Janice Peacock decided to write her first mystery novel after working in a glass studio full of colorful artists who didn’t always get along. An award-winning artist, her work has been exhibited internationally and is in the permanent collections of several museums. To Bead or Not To Bead is the fourth cozy mystery in the Glass Bead Mystery series.
The world of beads
“I think one of the most important things to know about me is that I am a glass beadmaker and have been for over 26 years. In fact, I was one of the first beadmakers in California. Since I know a great deal about glass and glass beadmaking, the books in the Glass Bead Mystery series are infused with my knowledge. So, when someone reads about these topics in my novels, they can be assured that the information is accurate. That’s one thing I like about cozy mysteries—reading one is an opportunity to learn new things about crafts, hobbies, and culinary topics.”
Like many cozy mysteries, the books in the Glass Bead Mystery series deal with the serious subject of murder while giving readers a humorous escape from the stress of their own day. Janice said the books in the Glass Bead Mystery Series address the challenges artists experience when they make a living from their creativity. “An artist’s job is a difficult one—it’s not all “Let’s see what pretty things I can make today.” The main character in the series is an artist who works with glass to create beads and jewelry. Each book in the series addresses challenges of living the life of an artist—dealing with envy, artists who steal ideas, and the difficulty of making ends meet as an artist. One theme that runs through these novels is that of women’s friendship and how friends support each other during stressful times, such as when they are trying to find a murderer before he kills again. That’s stressful, to say the least.”
“I’m a glass artist. The idea for the series came to me while I was working in a glass blowing studio in Corning, New York. Corning is well-known for their Pyrex measuring cups and baking dishes, but they also have an art studio there where people can take classes. I was taking a class with a famous glass artist who creates small sculptures out of glass using a torch, while in another studio nearby some students were blowing glass. I saw so many quirky characters, secret agendas, jealousies, and even a hook-up between two people who were clearly married to other people. I thought this place and these characters would make a great murder mystery, but when I thought of the perfect murder weapon, I knew I had to write it down. A few years later I did, though I wrote a couple of other books in the series before I wrote Off the Beadin’ Path, which was inspired by my time at the Corning Studio.”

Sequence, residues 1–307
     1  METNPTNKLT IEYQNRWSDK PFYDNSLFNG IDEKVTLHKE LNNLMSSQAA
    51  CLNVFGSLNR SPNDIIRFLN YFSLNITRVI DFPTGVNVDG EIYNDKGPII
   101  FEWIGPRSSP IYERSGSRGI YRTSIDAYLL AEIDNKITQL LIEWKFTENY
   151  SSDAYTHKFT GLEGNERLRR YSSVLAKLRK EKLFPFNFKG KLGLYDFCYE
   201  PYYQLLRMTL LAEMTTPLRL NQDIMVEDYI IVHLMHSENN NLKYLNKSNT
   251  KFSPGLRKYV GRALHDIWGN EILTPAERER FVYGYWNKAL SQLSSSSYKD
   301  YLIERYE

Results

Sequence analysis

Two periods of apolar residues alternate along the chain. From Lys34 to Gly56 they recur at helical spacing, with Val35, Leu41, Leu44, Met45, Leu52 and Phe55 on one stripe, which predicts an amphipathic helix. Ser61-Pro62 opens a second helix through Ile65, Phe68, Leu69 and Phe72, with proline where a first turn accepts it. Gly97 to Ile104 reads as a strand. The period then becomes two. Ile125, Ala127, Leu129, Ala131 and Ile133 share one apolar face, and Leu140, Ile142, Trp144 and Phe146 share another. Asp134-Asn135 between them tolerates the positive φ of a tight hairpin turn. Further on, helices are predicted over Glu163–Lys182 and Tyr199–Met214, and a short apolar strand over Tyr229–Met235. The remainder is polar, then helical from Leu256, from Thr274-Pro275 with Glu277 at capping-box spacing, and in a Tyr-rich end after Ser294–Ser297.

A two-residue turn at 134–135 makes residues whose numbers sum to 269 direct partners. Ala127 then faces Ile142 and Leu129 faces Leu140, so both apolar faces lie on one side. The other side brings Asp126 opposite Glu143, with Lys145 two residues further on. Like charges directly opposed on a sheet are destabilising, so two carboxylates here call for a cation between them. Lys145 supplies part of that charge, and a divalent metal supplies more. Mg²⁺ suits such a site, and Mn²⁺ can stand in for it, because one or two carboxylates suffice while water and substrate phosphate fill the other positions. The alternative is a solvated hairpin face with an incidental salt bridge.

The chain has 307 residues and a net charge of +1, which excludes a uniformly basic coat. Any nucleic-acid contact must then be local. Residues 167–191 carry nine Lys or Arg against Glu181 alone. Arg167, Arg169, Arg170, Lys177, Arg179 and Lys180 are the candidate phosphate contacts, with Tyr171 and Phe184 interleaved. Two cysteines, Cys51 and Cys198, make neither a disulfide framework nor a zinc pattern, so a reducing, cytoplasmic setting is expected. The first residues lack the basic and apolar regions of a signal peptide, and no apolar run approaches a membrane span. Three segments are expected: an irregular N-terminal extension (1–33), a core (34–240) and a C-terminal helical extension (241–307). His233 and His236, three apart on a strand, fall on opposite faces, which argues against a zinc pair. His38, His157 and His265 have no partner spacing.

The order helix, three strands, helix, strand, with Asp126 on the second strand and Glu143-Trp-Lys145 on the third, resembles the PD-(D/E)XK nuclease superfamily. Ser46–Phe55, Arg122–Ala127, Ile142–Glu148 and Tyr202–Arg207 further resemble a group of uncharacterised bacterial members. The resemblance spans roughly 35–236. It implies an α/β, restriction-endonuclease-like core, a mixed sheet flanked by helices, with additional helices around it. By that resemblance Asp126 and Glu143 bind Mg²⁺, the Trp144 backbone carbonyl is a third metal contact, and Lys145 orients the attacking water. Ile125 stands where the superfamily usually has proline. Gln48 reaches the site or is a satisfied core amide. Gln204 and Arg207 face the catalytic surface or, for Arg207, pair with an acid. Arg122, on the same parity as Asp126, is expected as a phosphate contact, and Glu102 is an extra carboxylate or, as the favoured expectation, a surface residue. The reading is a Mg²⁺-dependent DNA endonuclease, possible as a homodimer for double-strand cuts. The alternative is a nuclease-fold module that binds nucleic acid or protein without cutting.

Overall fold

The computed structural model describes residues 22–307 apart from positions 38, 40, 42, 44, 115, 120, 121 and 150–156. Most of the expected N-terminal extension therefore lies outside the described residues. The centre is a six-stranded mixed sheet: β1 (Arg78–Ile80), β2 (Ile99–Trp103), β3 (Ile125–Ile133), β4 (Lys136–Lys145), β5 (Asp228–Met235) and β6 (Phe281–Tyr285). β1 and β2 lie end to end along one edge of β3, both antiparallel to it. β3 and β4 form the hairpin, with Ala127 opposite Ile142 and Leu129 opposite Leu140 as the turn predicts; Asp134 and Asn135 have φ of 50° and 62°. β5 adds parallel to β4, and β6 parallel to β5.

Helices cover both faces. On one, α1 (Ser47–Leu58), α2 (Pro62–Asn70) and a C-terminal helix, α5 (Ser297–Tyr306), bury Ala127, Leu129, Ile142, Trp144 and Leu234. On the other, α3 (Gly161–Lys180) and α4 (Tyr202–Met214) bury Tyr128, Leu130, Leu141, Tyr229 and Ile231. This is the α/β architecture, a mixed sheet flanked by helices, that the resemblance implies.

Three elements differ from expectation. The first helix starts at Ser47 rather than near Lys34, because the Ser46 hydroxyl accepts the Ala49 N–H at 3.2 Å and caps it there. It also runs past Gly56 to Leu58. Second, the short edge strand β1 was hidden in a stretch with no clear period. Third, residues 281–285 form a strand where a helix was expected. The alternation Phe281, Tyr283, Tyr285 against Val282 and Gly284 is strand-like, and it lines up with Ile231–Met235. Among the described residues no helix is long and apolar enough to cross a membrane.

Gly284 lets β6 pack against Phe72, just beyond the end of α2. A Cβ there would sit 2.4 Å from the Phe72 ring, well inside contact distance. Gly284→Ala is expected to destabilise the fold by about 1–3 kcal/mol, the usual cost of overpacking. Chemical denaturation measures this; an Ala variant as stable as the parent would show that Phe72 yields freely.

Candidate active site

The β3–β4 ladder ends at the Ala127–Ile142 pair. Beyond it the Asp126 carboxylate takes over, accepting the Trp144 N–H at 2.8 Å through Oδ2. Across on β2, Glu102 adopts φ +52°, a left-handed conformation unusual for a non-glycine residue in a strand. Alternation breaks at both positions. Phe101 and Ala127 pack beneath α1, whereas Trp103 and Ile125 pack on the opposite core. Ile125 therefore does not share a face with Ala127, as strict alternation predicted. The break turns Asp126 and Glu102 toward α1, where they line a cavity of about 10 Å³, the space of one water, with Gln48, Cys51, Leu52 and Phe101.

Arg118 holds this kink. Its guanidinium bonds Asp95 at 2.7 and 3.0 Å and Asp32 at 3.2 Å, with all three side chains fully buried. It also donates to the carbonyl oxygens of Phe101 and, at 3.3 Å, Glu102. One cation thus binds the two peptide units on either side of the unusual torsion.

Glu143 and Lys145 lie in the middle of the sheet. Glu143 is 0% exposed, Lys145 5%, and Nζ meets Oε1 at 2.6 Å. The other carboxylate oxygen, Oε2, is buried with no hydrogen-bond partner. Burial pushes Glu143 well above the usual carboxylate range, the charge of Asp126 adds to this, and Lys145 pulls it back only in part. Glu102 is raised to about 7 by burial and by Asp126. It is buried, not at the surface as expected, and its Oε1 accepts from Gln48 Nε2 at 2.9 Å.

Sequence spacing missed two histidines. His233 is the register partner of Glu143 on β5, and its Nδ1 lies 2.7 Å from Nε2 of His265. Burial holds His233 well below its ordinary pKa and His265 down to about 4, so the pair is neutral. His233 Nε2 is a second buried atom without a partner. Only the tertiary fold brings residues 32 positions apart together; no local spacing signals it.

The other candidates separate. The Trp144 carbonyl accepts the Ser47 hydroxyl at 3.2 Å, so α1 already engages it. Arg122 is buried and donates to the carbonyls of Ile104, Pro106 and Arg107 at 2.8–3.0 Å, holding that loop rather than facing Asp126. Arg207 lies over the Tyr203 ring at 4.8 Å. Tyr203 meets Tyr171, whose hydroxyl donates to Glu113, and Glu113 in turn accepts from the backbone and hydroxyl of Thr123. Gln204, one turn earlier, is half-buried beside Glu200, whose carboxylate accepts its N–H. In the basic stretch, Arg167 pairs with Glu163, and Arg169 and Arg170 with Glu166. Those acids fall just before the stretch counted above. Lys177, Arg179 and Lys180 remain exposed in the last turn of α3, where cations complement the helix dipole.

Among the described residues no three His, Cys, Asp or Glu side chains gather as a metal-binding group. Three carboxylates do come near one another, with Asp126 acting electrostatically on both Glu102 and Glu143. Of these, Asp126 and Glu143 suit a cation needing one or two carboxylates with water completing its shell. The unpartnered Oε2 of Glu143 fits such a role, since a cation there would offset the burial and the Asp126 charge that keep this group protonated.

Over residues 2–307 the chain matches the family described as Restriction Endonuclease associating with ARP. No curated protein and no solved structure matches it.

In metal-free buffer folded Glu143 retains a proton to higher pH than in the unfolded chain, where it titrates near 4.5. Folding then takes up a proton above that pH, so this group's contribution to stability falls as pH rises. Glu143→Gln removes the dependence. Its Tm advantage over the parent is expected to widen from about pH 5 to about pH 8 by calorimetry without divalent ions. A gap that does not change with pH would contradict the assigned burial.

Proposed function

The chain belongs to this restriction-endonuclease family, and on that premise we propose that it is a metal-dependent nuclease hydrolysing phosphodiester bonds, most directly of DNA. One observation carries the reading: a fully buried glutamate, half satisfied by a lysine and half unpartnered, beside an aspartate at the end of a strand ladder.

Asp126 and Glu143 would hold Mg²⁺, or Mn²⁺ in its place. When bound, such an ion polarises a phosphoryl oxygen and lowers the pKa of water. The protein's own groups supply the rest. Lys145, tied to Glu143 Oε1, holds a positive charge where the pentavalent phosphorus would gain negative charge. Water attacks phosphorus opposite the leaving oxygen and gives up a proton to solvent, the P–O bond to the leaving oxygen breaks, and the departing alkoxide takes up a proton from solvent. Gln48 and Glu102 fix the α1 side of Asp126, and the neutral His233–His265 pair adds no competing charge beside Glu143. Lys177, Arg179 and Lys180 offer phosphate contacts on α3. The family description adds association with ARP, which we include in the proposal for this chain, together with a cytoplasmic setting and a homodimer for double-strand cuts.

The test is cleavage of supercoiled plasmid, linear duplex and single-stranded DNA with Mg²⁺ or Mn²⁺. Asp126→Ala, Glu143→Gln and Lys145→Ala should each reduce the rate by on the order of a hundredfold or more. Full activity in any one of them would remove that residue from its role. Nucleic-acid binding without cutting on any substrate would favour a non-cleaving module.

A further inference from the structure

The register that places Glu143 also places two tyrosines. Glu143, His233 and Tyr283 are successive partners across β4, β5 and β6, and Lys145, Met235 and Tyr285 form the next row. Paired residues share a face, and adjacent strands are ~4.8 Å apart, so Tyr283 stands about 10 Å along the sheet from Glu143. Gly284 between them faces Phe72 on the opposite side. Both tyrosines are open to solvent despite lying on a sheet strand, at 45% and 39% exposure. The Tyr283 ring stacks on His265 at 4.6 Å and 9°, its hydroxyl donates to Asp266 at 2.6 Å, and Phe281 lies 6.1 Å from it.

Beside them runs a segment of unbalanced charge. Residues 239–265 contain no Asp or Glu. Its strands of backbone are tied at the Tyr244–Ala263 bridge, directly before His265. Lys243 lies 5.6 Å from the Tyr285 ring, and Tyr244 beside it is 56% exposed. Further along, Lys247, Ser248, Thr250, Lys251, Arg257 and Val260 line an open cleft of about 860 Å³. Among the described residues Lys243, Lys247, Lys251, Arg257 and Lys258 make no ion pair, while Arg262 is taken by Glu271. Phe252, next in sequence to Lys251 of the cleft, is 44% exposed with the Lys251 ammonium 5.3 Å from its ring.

Janice’s books are set in Seattle because it is a glass-oriented city. “It is home of world-renowned glass artist Dale Chihuly, home to the Pilchuck Glass School, and chock full of glass studios. Since I was writing a book about a glass artist, I decided that Seattle would be a great setting for my novels. One little known fact about Seattle is that it has a series of underground tunnels—more like streets—beneath its streets and buildings.”
The Seattle Underground
After a fire in the late 1800s that decimated Seattle, merchants started rebuilding immediately. Meanwhile, the leaders of the city decided to re-grade the city because the downtown—where the merchants were busily rebuilding—was too close to sea level. The city was eventually re-graded, which left the merchants’ businesses several feet below ground. Once the re-grading was complete, the merchants closed their lower level businesses and opened their doors at the new level. The old city beneath the city remains, complete with sidewalks and old rooms from businesses, and even the occasional artifact. The underground area in Seattle is known as the Seattle Underground. “Of course, the Underground is a perfectly spooky setting for a murder mystery, so I made the theater where much of To Bead or Not to Bead takes place directly above some of the underground passageways,” Janice said.
“I knew, for the sake of research, and admittedly for the fun of it, I needed to visit the Underground. That wasn’t too hard to do because there are a couple of tour companies that provide tours. Last fall while I was in Seattle I took two of my friends on the tour. The tour started in Seattle’s Museum of Death, which was far creepier than anything I saw in the Underground. The Underground tour was fun and fascinating. It would be terrifying to be down there in the dark without a tour guide. It was the perfect setting for a murder mystery!”